DIY Network

Growing Legumes

Pea and bean crops require less fertilizer than other vegetables because their roots are home to bacteria that take nitrogen from the air and fix it in the soil. Leave the nutrient-rich roots to break down in the soil after harvest.
Excerpted from Simple Steps: Vegetable Gardening

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Step 1: Choose the Right Site and Soil

These climbing plants do best in full sun on fertile, slightly alkaline soil, improved with plenty of organic matter. Since they are susceptible to similar pests and diseases, practice crop rotation. Fava beans prefer clay soils, while other peas and beans do best on lighter soils. Provide shelter from strong winds.

Step 2: Sow and Plant Out

All legume seeds need warm soil in which to germinate, so wait until mid-spring to sow outdoors or start them off under cloches or in pots indoors. Successional sowings help to ensure a steady supply of produce. Erect appropriate supports before sowing or planting out to avoid damaging young plants.

Step 3: Protect Against Potential Problems

Beans are commonly grown up wigwams or rows of canes held together with string; peas scramble up chicken wire supported by canes or twiggy pea sticks. Beans may need coaxing up and tying into their supports, while peas hold on with tendrils.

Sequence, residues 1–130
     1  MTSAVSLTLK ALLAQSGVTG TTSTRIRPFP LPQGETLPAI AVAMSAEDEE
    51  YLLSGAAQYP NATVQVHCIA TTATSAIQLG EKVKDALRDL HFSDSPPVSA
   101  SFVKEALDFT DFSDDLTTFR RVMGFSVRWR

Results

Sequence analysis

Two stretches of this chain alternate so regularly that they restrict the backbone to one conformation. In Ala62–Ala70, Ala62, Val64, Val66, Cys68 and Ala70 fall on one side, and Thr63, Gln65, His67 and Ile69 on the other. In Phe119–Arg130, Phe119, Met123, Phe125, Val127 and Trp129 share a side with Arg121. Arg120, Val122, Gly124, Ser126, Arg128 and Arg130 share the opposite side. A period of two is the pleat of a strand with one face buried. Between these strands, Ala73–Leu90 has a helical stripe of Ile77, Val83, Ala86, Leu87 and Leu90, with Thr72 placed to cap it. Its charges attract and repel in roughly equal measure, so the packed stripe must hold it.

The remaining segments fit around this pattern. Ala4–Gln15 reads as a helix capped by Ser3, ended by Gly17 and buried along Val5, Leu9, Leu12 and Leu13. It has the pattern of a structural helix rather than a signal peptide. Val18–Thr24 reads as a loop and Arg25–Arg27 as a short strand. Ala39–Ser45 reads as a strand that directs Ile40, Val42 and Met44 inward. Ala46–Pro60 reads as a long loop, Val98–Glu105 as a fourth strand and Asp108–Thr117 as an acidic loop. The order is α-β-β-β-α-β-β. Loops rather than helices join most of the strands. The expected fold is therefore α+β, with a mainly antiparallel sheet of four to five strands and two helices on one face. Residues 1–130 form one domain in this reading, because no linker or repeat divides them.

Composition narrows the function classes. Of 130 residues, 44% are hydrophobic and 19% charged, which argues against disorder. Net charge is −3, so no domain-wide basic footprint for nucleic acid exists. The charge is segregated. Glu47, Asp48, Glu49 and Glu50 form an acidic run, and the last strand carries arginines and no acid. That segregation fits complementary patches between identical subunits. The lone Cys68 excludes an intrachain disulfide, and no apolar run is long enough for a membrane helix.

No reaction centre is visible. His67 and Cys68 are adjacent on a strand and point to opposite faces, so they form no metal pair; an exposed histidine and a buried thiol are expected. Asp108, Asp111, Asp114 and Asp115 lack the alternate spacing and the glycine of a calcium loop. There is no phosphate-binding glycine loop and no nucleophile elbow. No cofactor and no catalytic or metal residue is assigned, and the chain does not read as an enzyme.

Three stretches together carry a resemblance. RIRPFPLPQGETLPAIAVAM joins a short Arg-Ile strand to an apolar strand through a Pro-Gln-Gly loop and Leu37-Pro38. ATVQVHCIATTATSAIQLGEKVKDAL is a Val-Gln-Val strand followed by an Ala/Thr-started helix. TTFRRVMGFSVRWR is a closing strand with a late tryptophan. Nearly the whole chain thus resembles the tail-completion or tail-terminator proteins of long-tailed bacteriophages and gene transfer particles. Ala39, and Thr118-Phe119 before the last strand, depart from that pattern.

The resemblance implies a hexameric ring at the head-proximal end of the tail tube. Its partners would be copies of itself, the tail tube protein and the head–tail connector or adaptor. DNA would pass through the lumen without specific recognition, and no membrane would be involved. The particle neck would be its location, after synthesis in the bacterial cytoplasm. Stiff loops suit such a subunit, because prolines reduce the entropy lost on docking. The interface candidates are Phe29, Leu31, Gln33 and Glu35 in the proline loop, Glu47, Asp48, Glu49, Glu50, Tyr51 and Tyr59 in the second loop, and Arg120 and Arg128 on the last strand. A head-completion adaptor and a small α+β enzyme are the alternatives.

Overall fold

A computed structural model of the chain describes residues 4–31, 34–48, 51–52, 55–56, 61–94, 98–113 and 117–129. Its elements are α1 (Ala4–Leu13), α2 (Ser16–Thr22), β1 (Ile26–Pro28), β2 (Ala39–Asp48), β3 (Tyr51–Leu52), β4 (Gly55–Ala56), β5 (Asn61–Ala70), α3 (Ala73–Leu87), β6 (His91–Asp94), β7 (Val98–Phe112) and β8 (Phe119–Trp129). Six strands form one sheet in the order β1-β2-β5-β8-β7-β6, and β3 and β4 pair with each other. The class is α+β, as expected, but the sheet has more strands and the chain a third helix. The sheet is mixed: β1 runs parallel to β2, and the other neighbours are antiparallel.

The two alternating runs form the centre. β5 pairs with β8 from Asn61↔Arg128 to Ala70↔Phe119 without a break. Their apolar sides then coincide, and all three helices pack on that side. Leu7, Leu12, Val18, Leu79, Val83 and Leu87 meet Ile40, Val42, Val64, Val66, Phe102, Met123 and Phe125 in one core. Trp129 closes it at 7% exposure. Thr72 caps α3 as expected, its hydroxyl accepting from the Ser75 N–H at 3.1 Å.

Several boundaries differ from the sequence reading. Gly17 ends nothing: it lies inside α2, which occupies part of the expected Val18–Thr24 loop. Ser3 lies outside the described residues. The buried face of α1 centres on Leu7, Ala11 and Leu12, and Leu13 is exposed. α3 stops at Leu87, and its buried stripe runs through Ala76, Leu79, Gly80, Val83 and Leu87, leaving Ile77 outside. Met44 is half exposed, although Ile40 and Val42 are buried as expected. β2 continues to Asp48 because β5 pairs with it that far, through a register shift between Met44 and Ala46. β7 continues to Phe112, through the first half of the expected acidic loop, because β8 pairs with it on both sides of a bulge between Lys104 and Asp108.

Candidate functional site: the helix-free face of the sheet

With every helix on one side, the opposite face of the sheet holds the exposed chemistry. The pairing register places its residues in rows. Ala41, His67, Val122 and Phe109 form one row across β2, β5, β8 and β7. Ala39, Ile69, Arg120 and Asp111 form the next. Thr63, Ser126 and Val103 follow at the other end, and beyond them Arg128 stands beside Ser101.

Keep plants well weeded, and mulch if possible. There is no need to water before flowering, unless plants are wilting. Begin watering generously when flowering starts, to encourage pods to set. For bushier plants, pinch out growing tips when plants reach the top of their supports.

Rodents love legume seeds, so sow indoors where this is a problem. Protect crops from pea moths by covering with fleece. Infestations of aphids are also common.

Step 4: Harvest and Store

Peas and beans are at their tastiest when small and freshly picked, so harvest frequently; this also encourages greater yields. Eating quality deteriorates quickly, even when crops are refrigerated, so either use right away or freeze any excess as soon after harvest as possible. Borlotti beans can be left on the plant to mature, then dried and stored in a cool, dark place.

Sugar Snap Peas Enjoy Cool Weather Growing

Courtesy of DK - Vegetable Gardening © 2007 Dorling Kindersley Limited

Step 5: Discourage Blackflies on Fava Beans

Blackflies are fond of the young, sappy growth at the tips of fava bean plants. Deter them by pinching out the tips when plants have plenty of flowers and the first pods have set.

Watch for Blackflies on Tips of Fava Bean Plants

Courtesy of DK - Vegetable Gardening © 2007 Dorling Kindersley Limited

Step 6: Support Runner Beans

Climbing French and runner beans need the support of sturdy canes, ideally at least 7 feet tall, to hold up their lush growth. Wigwams of six or eight canes tied at the top are easy to construct.

Support Runner Beans with Cane Wigwams

Courtesy of DK - Vegetable Gardening © 2007 Dorling Kindersley Limited

Step 7: Choose Crops

Colorful Peas (image 1)
With violet flowers and pods, the snow pea ‘Ezethas Krombek Blauwschok’ addscolor to the productive garden.

Fava beans (image 2)
Rarely available fresh in stores, these delicious beans are easy to grow and can be sown in fall for a welcome late spring crop.

French Beans (image 3)
Dwarf varieties of this heavy-cropping legume suit the small garden very well. They thrive in pots to yield plenty of gourmet beans.

Borlotti Beans (image 4)
Grown in the same way as a climbing French bean, this beautiful Italian variety has pink-flecked pods. Eat the beans fresh or use them dried.

Excerpted from Simple Steps: Vegetable Gardening

© Dorling Kindersley Limited 2007